Credit cards can be both exciting and scary at the same time, especially for young adults. While credit cards can and do open up some financial leverage — meaning that they effectively increase your purchasing power — the debt that comes along with that additional leverage can strike fear into the hearts of many.
And for good reason. Many people struggle with credit card debt, and once you get in fairly deep, it can be very difficult, and take many years, to get out. However, it is possible to use a credit card responsibly. In fact, it may be a good idea to open one up for a couple of key reasons.
First and foremost, a credit card can be a great tool to build your credit. There are numerous credit cards on the market for students or young adults which may be worth checking out. Some are secured, which means that the issuer will require a deposit in order to issue the card — that may help soothe the fears of those worried about burying themselves in credit card debt at a young age.
Money Vehicle has discussed the advantages of opening a credit card in past posts, especially the advantages of secured cards. The bottom line still remains true, too: Credit cards can be critical and important tools for building credit. You’ll need that credit at some point too, as you will likely look for a loan at some point to buy a car, a home, or even to pay for your education.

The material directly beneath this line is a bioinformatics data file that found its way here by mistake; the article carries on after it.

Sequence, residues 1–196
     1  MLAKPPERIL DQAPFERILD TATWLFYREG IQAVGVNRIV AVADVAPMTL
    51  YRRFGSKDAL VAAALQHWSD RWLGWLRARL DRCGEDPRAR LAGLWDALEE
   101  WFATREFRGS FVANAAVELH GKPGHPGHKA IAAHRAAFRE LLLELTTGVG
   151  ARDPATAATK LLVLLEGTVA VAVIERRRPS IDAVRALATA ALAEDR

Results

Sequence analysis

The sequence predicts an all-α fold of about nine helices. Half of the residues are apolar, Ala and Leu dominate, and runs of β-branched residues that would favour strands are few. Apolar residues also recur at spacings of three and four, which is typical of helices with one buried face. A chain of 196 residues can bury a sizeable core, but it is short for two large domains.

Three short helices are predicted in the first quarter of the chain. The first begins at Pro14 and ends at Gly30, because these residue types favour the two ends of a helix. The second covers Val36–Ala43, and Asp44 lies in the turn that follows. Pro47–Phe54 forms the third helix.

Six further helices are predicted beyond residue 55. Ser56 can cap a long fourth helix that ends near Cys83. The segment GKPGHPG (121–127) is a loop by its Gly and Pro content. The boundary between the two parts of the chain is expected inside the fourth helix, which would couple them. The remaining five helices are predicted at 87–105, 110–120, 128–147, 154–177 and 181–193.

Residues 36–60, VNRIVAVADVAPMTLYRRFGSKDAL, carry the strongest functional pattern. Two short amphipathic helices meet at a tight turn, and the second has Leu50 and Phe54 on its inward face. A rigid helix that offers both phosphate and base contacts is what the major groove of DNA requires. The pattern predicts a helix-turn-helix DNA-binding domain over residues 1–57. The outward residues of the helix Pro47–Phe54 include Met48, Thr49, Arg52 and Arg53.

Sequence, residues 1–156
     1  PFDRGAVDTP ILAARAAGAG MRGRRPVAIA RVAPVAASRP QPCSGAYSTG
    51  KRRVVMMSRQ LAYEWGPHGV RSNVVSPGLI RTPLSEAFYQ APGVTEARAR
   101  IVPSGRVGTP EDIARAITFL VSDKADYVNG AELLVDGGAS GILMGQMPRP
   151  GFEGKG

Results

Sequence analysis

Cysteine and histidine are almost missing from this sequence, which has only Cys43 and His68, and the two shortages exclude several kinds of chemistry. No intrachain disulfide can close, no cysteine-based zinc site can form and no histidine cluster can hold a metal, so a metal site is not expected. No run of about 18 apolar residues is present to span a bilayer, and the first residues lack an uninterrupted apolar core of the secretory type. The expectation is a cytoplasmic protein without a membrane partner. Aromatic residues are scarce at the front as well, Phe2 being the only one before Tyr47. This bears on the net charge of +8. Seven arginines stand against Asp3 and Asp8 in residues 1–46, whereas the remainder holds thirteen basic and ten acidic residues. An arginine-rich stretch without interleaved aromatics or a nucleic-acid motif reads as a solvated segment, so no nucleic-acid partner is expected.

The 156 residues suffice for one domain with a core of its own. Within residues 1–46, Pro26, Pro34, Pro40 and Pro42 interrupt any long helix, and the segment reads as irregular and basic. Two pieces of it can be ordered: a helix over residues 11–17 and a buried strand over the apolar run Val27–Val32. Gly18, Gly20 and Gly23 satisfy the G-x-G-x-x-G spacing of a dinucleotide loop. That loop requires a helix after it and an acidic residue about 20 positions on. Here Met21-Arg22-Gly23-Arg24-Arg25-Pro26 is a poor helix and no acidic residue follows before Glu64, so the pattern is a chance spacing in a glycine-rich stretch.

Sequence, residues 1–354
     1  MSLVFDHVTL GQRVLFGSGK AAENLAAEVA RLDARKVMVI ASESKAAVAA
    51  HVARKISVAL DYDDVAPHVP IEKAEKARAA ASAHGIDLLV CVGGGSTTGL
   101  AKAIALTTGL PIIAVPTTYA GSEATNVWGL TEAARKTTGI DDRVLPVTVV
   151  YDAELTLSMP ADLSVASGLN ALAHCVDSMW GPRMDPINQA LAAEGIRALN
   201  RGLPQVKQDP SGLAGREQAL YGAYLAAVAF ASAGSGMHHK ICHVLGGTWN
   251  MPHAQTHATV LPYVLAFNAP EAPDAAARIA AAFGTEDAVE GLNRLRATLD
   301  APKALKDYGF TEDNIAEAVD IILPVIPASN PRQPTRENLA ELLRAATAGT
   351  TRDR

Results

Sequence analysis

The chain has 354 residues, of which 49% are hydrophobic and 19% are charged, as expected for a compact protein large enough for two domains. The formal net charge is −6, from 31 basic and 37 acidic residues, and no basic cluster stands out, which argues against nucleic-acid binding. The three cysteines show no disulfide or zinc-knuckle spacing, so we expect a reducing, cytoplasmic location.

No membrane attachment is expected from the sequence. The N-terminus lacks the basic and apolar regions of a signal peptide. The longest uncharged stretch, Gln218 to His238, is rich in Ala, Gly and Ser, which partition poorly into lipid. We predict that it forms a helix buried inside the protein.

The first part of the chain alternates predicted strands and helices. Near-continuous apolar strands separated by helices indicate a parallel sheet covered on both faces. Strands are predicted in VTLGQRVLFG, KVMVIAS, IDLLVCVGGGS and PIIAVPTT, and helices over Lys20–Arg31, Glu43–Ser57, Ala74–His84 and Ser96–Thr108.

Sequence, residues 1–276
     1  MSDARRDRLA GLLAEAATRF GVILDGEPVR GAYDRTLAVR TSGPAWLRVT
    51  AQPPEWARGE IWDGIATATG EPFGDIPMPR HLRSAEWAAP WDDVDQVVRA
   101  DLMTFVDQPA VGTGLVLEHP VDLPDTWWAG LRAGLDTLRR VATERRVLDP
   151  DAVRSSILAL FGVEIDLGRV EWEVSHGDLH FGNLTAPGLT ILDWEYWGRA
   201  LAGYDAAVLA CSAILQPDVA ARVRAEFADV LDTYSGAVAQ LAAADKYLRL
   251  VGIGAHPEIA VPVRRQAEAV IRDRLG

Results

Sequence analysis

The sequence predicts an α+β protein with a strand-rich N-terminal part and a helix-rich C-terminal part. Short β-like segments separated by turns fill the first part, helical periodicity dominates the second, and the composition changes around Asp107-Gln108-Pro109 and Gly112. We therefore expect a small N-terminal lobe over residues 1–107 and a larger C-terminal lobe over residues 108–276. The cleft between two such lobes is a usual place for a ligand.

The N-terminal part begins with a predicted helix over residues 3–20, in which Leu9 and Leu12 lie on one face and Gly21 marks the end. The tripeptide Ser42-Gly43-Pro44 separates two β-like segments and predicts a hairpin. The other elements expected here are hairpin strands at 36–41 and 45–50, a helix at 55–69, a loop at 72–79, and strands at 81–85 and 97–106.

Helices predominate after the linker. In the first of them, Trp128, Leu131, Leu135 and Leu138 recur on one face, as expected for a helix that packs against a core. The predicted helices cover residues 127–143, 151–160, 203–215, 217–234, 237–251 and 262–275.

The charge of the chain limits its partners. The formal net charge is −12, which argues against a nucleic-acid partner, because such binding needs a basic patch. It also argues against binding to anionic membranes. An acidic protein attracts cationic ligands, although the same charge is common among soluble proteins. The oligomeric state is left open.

Financial Literacy and Credit
But again, using credit responsibly is the key. You don’t want to fall into a credit trap, bury yourself in debt (though there is such a thing as “good” debt, credit card debt doesn’t usually fall into that category), and struggle to get out. As such, one way to use the financial literacy skills and knowledge you’ve hopefully gleaned is to create a credit plan.
Your credit plan can complement, or be a part of your overall financial plan. It would work with your budget, or it could even take the shape of a simple payment schedule to make sure you’re making monthly payments and keeping your card active and the balance low. Ultimately, it’s all about paying attention and making sure you’re investing energy into your credit-building activities.
Remember: Paying off your debts, including credit card balances, is a relatively easy way to boost your credit score. That will help you down the road when you need to borrow money for other expenses. And even if you don’t end up using your credit card all that much, experts recommend that you keep it active and don’t cancel it — old credit accounts can also help your credit score!
So, while credit cards can be scary to some, they can also be powerful tools when used correctly. If you’re on the fence, you should take some time and look at your options. Reach out to a financial professional, too, for guidance — if you feel you’d benefit from it.
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